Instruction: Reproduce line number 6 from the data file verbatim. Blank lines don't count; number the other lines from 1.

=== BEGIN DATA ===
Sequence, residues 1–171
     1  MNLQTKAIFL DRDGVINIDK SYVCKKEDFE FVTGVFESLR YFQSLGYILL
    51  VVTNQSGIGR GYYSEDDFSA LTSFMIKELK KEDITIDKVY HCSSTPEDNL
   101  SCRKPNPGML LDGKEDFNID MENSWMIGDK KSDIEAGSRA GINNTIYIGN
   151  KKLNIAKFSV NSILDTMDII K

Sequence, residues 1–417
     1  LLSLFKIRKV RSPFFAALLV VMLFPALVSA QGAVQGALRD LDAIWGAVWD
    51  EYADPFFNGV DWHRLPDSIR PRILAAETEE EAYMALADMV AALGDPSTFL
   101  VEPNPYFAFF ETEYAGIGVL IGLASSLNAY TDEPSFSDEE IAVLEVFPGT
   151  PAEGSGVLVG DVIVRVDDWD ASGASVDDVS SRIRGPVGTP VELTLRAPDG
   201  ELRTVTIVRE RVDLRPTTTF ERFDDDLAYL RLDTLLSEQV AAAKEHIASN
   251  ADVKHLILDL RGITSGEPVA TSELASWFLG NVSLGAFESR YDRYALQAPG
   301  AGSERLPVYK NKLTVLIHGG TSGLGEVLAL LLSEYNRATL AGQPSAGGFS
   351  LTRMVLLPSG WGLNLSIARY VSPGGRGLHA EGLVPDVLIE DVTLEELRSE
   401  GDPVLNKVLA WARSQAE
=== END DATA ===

Sequence, residues 1–417